Of course, I wanted to tackle the college admissions process without the guidance of my parents or older sibling simply because I wanted to be able to check the first-generation box on my college application. No, that is ridiculous. It is nerve-wracking to not be able to know where to apply to or what major to look into simply because my family members are clueless of the college application process. Yes, being first-generation and doing well academically makes an applicant stand out. However, it is not because they are only just first-generation, it is because regardless of the barriers faced as first-generation, they still manage to be strong candidates for the institution. Being first-generation does not give you an upper hand to college applications; on the other hand, it gives you many more barriers than a student that doesn’t identify as first-gen.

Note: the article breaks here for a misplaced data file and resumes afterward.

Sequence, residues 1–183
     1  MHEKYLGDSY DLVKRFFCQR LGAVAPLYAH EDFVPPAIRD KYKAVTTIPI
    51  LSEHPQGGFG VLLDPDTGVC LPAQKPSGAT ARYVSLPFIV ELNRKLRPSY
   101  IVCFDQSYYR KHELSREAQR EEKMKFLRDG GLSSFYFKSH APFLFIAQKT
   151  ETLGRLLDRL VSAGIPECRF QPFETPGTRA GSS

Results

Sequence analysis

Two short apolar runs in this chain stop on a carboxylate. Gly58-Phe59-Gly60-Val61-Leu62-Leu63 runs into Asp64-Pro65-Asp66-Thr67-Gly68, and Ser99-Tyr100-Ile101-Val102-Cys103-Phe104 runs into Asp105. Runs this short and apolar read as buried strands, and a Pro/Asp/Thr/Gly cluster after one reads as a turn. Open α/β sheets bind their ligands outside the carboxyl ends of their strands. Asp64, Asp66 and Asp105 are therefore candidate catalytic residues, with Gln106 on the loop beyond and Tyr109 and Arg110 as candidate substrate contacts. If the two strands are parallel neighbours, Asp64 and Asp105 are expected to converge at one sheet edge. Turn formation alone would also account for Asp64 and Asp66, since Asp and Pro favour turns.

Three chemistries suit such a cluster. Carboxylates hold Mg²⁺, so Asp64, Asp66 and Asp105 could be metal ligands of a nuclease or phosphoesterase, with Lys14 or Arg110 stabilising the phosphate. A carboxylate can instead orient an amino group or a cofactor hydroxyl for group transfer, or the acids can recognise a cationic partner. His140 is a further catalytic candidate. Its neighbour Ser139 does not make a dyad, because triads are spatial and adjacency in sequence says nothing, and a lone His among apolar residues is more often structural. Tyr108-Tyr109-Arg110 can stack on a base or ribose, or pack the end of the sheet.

1. “You’re lucky that you have a rough background because you have a story to write about in your essays.”

Okay, seriously? I guess we want to be poor, we want to be abused, we want to be homeless, or we want to go through crazy sh*t to be able to talk about it in our college essays. Life gave us the “good luck” that we deserve to go through tough experiences so that we could have stories to write about in our essays. That is just ludicrous. Our experiences are things that we hold close to us because in many cases they empower us. They remind us that regardless of what we went through, we are here, standing firm and moving forward. No, we’re not lucky to have experienced hardships. We never asked for them nor did we ever want them, but they happened and we went through it, and we survived. And trust me, many of us wouldn’t wish for any other person to go through the things we went through because we understand what it is like to go through the things we went through.

  1. “You’re lucky that you got into ________ University/College.”